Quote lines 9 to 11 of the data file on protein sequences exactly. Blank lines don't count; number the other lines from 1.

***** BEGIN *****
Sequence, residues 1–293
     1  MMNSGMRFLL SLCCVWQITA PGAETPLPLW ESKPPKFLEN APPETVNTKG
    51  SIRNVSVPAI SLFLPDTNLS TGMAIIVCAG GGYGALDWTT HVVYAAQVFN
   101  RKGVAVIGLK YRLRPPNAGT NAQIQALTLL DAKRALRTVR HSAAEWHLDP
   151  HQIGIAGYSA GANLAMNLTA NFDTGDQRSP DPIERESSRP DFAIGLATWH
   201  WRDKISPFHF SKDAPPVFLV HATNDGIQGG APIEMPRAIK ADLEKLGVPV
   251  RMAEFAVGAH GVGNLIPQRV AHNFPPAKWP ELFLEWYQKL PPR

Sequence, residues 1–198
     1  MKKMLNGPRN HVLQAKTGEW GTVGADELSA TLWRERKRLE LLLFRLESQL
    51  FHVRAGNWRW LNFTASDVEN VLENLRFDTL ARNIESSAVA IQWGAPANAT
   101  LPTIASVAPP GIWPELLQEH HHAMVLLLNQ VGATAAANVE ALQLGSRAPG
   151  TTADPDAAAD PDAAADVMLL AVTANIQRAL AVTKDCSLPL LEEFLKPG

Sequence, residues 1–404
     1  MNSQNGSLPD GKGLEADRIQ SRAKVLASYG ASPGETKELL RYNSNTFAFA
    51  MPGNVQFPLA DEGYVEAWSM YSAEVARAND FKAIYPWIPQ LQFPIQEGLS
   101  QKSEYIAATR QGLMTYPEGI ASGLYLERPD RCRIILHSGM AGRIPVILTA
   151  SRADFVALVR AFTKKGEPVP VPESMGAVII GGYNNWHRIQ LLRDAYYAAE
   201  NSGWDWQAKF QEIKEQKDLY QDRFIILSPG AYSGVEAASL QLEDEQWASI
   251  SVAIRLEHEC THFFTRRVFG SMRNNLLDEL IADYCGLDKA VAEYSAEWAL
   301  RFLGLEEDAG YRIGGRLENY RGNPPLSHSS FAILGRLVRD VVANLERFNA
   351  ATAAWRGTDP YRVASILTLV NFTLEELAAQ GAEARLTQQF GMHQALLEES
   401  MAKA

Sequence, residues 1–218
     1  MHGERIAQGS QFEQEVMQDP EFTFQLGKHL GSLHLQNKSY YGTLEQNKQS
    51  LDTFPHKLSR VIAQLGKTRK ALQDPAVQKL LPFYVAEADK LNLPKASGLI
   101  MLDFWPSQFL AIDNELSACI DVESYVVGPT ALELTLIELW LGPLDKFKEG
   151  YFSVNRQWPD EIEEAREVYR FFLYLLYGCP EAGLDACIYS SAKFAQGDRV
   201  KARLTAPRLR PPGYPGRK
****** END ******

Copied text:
     1  MKKMLNGPRN HVLQAKTGEW GTVGADELSA TLWRERKRLE LLLFRLESQL
    51  FHVRAGNWRW LNFTASDVEN VLENLRFDTL ARNIESSAVA IQWGAPANAT
   101  LPTIASVAPP GIWPELLQEH HHAMVLLLNQ VGATAAANVE ALQLGSRAPG